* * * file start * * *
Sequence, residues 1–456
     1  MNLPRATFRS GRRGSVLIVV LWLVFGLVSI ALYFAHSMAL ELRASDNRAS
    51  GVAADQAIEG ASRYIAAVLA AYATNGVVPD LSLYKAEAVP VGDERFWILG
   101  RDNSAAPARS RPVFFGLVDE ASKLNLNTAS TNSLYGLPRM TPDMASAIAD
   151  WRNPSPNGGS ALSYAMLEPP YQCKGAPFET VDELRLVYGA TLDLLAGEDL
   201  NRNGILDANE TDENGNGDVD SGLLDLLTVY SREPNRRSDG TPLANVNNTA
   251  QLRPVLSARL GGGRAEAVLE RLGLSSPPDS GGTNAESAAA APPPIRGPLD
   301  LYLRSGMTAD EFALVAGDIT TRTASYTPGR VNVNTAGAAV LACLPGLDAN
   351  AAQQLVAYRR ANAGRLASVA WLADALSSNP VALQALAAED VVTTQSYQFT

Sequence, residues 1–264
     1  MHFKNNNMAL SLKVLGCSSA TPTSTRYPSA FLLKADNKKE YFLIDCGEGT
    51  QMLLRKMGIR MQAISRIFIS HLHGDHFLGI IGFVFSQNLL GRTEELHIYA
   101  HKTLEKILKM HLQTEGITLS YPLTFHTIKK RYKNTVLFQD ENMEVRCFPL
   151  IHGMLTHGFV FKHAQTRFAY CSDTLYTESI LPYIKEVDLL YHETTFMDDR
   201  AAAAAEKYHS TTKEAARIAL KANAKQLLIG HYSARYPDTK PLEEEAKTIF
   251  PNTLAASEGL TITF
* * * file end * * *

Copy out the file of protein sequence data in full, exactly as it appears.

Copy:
Sequence, residues 1–456
     1  MNLPRATFRS GRRGSVLIVV LWLVFGLVSI ALYFAHSMAL ELRASDNRAS
    51  GVAADQAIEG ASRYIAAVLA AYATNGVVPD LSLYKAEAVP VGDERFWILG
   101  RDNSAAPARS RPVFFGLVDE ASKLNLNTAS TNSLYGLPRM TPDMASAIAD
   151  WRNPSPNGGS ALSYAMLEPP YQCKGAPFET VDELRLVYGA TLDLLAGEDL
   201  NRNGILDANE TDENGNGDVD SGLLDLLTVY SREPNRRSDG TPLANVNNTA
   251  QLRPVLSARL GGGRAEAVLE RLGLSSPPDS GGTNAESAAA APPPIRGPLD
   301  LYLRSGMTAD EFALVAGDIT TRTASYTPGR VNVNTAGAAV LACLPGLDAN
   351  AAQQLVAYRR ANAGRLASVA WLADALSSNP VALQALAAED VVTTQSYQFT

Sequence, residues 1–264
     1  MHFKNNNMAL SLKVLGCSSA TPTSTRYPSA FLLKADNKKE YFLIDCGEGT
    51  QMLLRKMGIR MQAISRIFIS HLHGDHFLGI IGFVFSQNLL GRTEELHIYA
   101  HKTLEKILKM HLQTEGITLS YPLTFHTIKK RYKNTVLFQD ENMEVRCFPL
   151  IHGMLTHGFV FKHAQTRFAY CSDTLYTESI LPYIKEVDLL YHETTFMDDR
   201  AAAAAEKYHS TTKEAARIAL KANAKQLLIG HYSARYPDTK PLEEEAKTIF
   251  PNTLAASEGL TITF